RIM to bring Will.i.am's Dipdive to BlackBerry

TORONTO Thu Mar 6, 2008 1:14pm EST

1 of 2. Will.i.am performs 'Record of the Year Mash Up' at the 50th Annual Grammy Awards in Los Angeles February 10, 2008.

Credit: Reuters/Mike Blake

TORONTO (Reuters) - BlackBerry maker Research In Motion is partnering with pop artist Will.i.am to help merge social networking and multimedia, in the company's latest move to gain more traction in the consumer retail market.

RIM will make Will.i.am's Dipdive online community and content available wirelessly on the BlackBerry, RIM co-CEO Jim Balsillie said in an interview.

"Probably the two hottest trends in wireless are social networking ... and the other one is the multimedia, which is principally portable music," Balsillie said.

Will.i.am is known for his career with the band Black Eyed Peas and his "Yes We Can" Barack Obama video, a huge hit on YouTube.com, where it has garnered millions of hits.

Balsillie said users currently view social networking and downloading music and other multimedia as two separate experiences. Increasingly, he believes, they are merging into one.

Dipdive, he said, is an example of this -- where politics-heavy blogging meets music video content.

"It brings the artist into a direct relationship with the fan," Balsillie said.

Waterloo, Ontario-based RIM has steadily expanded its offering of so-called "lifestyle applications" like games and multimedia in a bid to attract more retail users to the traditionally business-focused BlackBerry.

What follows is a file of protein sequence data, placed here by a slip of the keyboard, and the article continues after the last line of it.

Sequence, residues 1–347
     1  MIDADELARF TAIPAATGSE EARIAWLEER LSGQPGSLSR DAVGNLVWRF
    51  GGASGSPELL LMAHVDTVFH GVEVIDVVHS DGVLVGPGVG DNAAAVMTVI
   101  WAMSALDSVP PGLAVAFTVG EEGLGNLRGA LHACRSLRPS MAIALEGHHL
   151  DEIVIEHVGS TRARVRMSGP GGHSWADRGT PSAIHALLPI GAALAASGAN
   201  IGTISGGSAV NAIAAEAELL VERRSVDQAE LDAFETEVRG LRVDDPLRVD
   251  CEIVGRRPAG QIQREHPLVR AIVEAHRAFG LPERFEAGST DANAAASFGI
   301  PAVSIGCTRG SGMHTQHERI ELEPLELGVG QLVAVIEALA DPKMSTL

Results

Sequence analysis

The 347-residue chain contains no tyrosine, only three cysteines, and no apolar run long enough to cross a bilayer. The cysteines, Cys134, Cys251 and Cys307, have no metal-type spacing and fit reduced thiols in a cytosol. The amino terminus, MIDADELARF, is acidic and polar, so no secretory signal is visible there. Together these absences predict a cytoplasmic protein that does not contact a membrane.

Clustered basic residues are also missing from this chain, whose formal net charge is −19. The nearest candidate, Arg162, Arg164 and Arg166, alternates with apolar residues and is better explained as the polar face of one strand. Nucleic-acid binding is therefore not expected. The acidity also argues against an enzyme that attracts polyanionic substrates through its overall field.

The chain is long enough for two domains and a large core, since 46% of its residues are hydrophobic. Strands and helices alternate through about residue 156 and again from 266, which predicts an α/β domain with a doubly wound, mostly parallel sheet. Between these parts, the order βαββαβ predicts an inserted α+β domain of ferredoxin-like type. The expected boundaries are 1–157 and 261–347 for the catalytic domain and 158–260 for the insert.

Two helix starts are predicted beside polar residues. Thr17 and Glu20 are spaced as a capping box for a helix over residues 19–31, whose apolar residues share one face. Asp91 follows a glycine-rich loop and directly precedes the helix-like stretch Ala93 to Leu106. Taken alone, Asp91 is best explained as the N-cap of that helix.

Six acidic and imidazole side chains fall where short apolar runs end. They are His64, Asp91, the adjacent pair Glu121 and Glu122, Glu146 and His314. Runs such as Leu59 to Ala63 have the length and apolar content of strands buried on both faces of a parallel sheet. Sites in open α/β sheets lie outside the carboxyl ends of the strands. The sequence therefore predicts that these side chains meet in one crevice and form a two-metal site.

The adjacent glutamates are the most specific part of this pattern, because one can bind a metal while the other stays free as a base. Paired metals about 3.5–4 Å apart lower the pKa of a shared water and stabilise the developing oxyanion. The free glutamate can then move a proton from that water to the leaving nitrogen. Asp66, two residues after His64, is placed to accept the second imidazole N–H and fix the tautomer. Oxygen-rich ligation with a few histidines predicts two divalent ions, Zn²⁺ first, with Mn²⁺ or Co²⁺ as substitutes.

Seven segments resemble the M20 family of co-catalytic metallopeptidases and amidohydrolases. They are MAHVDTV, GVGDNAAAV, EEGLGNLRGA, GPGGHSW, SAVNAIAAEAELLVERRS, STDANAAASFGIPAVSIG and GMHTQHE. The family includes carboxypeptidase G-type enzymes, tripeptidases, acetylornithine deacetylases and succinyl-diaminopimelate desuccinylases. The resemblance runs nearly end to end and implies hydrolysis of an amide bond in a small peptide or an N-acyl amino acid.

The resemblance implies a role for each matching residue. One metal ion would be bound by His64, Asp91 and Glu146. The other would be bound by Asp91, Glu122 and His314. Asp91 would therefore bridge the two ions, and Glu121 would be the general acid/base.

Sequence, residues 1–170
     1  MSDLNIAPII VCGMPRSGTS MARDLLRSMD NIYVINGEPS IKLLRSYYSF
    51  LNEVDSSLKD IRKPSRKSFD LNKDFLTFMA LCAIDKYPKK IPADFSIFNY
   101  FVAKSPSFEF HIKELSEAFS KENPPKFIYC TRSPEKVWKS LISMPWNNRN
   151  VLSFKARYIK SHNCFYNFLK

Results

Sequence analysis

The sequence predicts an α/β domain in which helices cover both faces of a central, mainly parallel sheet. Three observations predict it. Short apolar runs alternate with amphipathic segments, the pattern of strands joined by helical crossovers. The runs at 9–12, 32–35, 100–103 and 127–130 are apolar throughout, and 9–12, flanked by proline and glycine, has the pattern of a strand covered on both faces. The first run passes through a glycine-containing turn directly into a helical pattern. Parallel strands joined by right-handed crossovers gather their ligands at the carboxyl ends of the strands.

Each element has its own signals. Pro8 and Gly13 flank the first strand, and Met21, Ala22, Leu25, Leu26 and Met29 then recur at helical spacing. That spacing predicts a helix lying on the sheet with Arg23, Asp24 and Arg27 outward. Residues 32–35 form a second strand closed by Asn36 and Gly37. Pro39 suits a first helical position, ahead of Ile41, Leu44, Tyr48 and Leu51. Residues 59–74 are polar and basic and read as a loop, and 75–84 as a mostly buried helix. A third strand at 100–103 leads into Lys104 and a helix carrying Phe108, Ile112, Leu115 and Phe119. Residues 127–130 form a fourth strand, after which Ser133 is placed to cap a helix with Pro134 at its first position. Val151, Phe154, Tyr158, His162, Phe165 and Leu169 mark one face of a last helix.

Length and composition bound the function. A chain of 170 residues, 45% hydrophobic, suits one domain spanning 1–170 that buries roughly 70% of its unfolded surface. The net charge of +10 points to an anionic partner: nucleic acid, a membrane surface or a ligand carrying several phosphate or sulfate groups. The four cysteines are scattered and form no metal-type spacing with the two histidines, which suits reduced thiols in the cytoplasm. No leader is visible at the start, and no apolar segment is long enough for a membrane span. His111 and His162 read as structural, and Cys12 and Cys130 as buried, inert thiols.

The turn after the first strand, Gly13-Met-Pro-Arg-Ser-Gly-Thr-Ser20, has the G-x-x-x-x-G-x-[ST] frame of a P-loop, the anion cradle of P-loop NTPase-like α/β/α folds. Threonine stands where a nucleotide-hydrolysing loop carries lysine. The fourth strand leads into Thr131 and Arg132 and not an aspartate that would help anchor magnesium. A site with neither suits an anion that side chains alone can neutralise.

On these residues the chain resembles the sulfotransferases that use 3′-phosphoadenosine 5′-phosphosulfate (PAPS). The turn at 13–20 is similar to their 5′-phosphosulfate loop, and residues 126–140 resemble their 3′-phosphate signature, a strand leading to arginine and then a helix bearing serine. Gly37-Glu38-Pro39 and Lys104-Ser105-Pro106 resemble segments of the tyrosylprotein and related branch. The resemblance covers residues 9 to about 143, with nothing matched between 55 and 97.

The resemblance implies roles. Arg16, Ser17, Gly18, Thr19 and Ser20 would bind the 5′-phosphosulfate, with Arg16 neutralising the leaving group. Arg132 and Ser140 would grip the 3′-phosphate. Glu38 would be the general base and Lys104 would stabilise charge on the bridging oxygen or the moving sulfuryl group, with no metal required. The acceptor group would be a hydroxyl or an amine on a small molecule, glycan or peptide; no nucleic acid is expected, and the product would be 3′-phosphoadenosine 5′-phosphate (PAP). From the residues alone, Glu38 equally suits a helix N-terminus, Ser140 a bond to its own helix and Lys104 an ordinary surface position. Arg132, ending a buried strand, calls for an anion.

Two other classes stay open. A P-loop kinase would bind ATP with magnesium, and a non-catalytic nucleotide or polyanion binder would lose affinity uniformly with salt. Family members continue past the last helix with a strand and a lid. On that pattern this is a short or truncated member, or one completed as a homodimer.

Last fall, it rolled out Facebook software designed especially for its smartphones to make it easier for users to browse the popular social networking Web site.

As RIM continues to push into the broader consumer market, some analysts have expressed concern it will face increased competition from Apple's iPhone. RIM has repeatedly insisted it has nothing to worry about.

Just last month, RIM raised its fourth-quarter subscriber growth forecast to reflect strong holiday sales and its shares rose. One analyst speculated a big promotional push from U.S. service providers for Christmas and Valentine's Day may have helped the company.

Despite RIM's consumer ambitions, about two-thirds of the total 12 million BlackBerry subscribers at the quarter ended December 1 were still classified as governments or large corporations.

Because of this, there has been concern that RIM would be hit by a slowdown in the U.S. economy, which may prompt employers to cut costs and delay upgrading their BlackBerry models.

However, Balsillie has said the economic turmoil would only have a limited impact on RIM.

RIM shares were down 89 Canadian cents at C$99.54 on the Toronto Stock Exchange amid a broad selloff.

($1=$0.99 Canadian)

(Reporting by Wojtek Dabrowski; editing by Rob Wilson)